Beneficial acclimation hypothesis
The Beneficial Acclimation Hypothesis is the physiological hypothesis that acclimating to a particular environment (particularly thermal) provides an organism with fitness advantages in that environment. First formally defined and tested by Armand M. Leroi, Albert Bennett, and Richard Lenski in 1994, it has however been a central assumption in historical physiological work that acclimation is adaptive. Further refined by Raymond B. Huey and David Berrigan under the strong inference approach, the hypothesis has been falsified as a general rule by a series of multiple hypotheses experiments.
History and Definition
While physiologists have traditionally assumed that acclimation is beneficial (or explicitly defined it as such), criticism of the adaptationist program by Stephen Jay Gould and Richard Lewontin led to a call for increased robustness in testing adaptationist hypotheses. The initial definition of the Beneficial Acclimation Hypothesis, as published in 1994 in the Proceedings of the National Academy of Sciences by Leroi et al., is that
“acclimation to a particular environment gives an organism a performance advantage in that environment over another organism that has not had the opportunity to acclimate to that particular environment.”
This definition was further reworked in an article in American Zoologist 1999 by Raymond B. Huey, David Berrigan, George W. Gilchrist, and Jon C. Herron. They determined that, following Platt’s strong inference approach, multiple competing hypotheses were needed to properly assess beneficial acclimation (see picture at right). These included:
1. Beneficial Acclimation. Acclimating to a particular environment confers fitness advantages in that environment.
2. Optimal Developmental Temperature. There is an ideal temperature to develop at so individuals reared at an optimal temperature compete better in all environments.
3. Colder (bigger) Is Better. In ectotherms, individuals reared in colder environments tend to develop to a larger body size. These individuals therefore have a fitness advantage in all environments.
4. Warmer (smaller) Is Better. The inverse of Colder Is Better. Smaller individuals have a fitness advantage.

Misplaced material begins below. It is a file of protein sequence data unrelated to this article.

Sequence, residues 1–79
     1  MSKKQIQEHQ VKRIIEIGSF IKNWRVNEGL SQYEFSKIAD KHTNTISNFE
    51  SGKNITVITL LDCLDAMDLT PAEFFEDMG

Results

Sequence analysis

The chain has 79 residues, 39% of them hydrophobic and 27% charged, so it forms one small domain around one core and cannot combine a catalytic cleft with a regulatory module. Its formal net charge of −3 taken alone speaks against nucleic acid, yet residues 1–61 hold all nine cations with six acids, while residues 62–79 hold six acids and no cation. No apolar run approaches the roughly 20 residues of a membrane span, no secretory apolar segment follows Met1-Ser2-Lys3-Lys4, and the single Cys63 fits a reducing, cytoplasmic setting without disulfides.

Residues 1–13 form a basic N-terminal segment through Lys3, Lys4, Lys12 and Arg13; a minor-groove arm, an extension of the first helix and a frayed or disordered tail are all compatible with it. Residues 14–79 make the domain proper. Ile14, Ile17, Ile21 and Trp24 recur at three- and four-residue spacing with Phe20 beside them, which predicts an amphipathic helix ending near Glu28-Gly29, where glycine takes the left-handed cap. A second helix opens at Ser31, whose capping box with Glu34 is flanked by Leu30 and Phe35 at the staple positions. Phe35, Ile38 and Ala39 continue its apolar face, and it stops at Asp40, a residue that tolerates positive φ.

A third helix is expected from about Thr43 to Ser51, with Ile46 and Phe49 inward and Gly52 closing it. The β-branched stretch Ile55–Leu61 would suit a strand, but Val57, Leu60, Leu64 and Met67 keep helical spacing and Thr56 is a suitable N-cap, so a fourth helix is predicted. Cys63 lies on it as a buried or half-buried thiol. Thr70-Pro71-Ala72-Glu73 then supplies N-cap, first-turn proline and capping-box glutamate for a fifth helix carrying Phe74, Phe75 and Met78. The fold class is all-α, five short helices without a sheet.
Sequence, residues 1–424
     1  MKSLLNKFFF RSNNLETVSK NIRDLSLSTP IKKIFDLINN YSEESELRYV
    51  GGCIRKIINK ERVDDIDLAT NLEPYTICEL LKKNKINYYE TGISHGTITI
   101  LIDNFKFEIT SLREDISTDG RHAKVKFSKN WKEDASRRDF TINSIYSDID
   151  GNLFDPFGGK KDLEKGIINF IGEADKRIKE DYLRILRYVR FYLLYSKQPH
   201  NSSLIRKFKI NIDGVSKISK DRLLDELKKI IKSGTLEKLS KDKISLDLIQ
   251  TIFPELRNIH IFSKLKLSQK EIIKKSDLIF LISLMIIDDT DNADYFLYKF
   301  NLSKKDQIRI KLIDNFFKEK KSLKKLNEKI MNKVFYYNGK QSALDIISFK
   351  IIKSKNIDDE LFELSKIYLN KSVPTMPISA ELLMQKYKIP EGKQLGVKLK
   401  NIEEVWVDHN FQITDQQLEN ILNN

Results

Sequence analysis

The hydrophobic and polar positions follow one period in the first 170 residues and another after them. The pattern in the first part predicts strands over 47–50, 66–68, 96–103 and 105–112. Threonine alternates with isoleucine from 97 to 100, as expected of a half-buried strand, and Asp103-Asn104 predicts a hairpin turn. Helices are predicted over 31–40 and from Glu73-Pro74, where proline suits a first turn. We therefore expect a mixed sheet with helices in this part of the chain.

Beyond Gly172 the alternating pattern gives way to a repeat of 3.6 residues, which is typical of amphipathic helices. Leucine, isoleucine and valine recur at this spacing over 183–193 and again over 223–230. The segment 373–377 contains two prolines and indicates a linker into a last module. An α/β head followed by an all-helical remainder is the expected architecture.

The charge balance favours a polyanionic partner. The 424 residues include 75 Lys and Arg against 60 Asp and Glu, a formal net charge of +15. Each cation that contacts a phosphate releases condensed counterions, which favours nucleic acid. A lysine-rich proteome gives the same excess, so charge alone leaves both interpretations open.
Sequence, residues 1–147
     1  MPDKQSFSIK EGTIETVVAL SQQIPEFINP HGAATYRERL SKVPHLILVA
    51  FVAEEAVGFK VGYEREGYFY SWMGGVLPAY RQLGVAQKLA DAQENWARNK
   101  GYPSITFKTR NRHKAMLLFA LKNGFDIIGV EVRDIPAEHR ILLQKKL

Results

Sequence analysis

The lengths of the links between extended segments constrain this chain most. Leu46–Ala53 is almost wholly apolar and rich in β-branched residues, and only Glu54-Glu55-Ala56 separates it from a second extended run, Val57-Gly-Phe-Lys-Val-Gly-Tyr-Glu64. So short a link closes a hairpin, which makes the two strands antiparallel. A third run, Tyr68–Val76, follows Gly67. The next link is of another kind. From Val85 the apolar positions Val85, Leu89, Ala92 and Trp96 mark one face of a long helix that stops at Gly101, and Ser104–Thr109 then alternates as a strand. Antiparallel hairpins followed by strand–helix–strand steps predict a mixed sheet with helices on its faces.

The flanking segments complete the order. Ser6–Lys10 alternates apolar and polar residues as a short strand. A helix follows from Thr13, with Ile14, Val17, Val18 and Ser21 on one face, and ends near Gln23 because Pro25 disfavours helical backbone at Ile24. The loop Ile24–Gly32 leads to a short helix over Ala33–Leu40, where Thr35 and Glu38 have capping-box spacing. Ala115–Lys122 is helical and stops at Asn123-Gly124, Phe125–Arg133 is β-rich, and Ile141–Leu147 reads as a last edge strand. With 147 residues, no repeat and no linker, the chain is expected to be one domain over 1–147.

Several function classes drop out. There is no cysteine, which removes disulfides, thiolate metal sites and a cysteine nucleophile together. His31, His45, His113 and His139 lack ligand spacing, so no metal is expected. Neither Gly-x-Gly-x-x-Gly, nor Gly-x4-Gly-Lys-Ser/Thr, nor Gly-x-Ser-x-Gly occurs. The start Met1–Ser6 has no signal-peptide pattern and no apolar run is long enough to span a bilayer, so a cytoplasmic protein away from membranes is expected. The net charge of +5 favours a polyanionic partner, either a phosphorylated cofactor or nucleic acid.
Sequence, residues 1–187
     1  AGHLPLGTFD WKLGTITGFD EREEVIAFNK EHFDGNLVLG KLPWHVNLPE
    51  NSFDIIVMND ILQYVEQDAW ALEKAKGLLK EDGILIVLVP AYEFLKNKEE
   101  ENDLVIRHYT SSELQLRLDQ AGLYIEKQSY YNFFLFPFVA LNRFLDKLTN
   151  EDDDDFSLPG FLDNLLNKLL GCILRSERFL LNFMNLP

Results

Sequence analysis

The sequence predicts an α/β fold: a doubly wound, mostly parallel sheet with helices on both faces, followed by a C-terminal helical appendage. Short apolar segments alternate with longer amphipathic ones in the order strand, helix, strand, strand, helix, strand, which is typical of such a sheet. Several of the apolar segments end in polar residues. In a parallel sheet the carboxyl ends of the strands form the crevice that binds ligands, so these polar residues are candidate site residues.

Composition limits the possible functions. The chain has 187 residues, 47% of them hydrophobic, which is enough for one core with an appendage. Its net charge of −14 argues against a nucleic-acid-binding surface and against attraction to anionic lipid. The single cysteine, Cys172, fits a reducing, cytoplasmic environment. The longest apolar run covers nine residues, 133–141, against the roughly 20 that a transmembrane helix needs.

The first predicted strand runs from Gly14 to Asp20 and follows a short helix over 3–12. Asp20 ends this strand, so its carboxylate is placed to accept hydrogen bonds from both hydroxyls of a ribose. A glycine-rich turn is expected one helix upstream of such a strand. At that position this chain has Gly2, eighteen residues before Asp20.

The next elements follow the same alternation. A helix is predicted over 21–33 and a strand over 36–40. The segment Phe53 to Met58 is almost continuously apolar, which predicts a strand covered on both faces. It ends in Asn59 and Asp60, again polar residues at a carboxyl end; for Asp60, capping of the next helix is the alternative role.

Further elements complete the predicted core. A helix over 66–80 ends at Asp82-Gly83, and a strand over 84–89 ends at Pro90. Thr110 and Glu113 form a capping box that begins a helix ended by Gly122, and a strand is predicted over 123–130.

5. Developmental Buffering. Development temperature does not affect adult fitness.
The majority of tests of the Beneficial Adaptation Hypothesis have, following Krogh’s Principle, centered on the model organisms Drosophila melanogaster and Escherichia coli. And more particularly, experimental tests have centered on easily-measured temperature adaptation (although other systems have been studied, see). Of the several experimental tests of the Beneficial Acclimation Hypothesis, the majority have rejected it being true in all cases.
Leroi et al.’s initial experiments, testing only the Beneficial Acclimation Hypothesis and not the subsequent hypotheses developed by Huey et al., were the first to address the issue. Colonies of E. coli were acclimated for seven generations in two different temperature conditions: 32 °C and 41.5 °C. Colonies were then competed against each other at those temperatures (see picture). He found that, agreeing with the Beneficial Acclimation Hypothesis, colonies acclimated at 32 °C competed better at 32 °C. However, at 41.5 °C, colonies acclimated at 32 °C competed better as well which lead to the authors rejecting the generality of beneficial acclimation.
Huey et al. examined four previously-conducted studies, applying the five competing hypotheses, and found that none of the results of the studies could be entirely explained by beneficial acclimation. Instead, a combination of hypotheses were required to explain the observed patterns of acclimation.
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